When building a model, it is important that the model be flexible enough to consider a wide range of possible scenarios. Let's now add some assumptions about the transaction that, when changed, will flow through the model. The assumptions presented below are simply suggestions, and the specific transaction you are contemplating may call for other assumptions. In any case, most or all of the deal assumptions should be grouped into a single section of your model so that anyone can see, at a glance, what assumptions you are making.
Note that, in the spreadsheet below, we have left the tax rate blank. The tax rate used is the acquirer's tax rate, which we will determine in a subsequent step.
Since it may not be clear what the alternative assumptions are, you can use restrict certain assumptions to specific values. For example, we show that we are basing our model on a fiscal year-end ("FY"), but someone reviewing the model might not realize that the alternate input is "CY". To limit the range of possible values for this cell to "FY" and "CY", open Excel's Data Validation dialog box (Alt>d>l) and specify what values this cell will accept. Using the validation tool, you can create drop-down lists of values, restrict numbers to a specified range, and more. The validation feature also lets you create tool tips and generate custom error messages when invalid data is entered.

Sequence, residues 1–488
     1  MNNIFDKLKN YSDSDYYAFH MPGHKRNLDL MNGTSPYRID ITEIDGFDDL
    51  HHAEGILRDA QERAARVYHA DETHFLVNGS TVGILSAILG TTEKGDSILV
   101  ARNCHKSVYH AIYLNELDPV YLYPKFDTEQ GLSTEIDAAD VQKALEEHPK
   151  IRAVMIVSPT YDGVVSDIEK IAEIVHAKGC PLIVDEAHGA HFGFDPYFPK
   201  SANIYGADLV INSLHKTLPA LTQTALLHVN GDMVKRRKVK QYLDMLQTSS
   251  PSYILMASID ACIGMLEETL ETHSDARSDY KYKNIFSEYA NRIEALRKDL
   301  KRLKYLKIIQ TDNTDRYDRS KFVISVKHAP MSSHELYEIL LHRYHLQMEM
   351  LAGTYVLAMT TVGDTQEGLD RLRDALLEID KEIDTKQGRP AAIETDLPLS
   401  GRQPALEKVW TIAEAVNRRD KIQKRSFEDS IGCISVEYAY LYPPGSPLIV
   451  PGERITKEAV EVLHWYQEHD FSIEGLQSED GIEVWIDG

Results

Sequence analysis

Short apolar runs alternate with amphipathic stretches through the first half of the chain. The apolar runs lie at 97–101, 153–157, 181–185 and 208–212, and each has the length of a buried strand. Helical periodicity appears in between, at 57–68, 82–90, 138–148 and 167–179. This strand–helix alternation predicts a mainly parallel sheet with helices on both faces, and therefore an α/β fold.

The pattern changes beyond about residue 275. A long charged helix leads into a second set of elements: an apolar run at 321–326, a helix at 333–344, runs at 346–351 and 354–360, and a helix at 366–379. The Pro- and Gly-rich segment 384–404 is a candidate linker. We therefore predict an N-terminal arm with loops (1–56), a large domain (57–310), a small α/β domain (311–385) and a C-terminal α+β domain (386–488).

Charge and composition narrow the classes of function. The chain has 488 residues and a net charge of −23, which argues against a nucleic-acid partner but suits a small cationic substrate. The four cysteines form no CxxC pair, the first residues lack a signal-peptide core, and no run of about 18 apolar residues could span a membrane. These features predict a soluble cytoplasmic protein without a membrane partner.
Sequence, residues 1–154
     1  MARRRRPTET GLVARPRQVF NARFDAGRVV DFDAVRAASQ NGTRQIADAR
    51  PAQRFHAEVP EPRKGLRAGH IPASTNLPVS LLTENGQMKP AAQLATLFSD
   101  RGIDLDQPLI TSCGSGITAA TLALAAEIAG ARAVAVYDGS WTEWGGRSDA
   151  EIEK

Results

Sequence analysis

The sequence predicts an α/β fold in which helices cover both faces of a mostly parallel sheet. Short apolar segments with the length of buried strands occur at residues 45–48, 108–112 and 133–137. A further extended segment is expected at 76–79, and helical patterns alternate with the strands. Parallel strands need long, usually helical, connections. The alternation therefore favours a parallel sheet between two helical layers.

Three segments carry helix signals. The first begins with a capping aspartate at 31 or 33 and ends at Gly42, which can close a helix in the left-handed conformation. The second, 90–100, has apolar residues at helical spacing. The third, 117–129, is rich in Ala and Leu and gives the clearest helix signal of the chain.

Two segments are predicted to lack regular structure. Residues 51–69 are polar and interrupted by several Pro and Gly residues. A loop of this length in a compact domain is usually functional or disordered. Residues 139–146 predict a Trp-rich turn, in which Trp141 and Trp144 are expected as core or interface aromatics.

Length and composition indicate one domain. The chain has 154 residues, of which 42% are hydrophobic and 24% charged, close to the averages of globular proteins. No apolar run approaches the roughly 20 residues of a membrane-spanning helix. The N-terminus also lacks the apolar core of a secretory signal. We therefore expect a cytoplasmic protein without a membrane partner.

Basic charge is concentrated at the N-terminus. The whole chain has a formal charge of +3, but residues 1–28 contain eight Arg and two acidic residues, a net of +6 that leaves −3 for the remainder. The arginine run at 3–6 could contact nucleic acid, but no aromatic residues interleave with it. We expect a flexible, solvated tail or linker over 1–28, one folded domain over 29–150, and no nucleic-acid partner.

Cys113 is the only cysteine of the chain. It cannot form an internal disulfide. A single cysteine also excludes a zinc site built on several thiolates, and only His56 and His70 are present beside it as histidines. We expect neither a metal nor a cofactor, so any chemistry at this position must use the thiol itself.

Note that we have commented many of our assumptions (denoted by red triangles in the upper-right corners of some cells). Comments are useful to help you remember why you entered a specificequation or piece of data, and to help others using your model understand your logic. To add a comment to a cell, hit Shift+F2. When you are done, use the Esc key to go back to the spreadsheet.comments powered by Disqus